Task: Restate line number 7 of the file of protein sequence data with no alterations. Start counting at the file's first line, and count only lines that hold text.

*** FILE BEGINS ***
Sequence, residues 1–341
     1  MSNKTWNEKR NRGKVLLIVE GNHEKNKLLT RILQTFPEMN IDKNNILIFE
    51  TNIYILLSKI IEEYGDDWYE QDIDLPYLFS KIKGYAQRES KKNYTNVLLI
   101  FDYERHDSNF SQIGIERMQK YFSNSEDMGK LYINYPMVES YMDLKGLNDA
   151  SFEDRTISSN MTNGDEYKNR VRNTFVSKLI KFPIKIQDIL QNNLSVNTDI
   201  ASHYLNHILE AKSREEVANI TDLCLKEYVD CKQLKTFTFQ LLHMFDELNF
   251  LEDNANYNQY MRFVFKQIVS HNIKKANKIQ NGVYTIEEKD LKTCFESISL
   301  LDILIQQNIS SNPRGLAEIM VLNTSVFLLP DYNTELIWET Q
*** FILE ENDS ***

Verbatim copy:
   251  LEDNANYNQY MRFVFKQIVS HNIKKANKIQ NGVYTIEEKD LKTCFESISL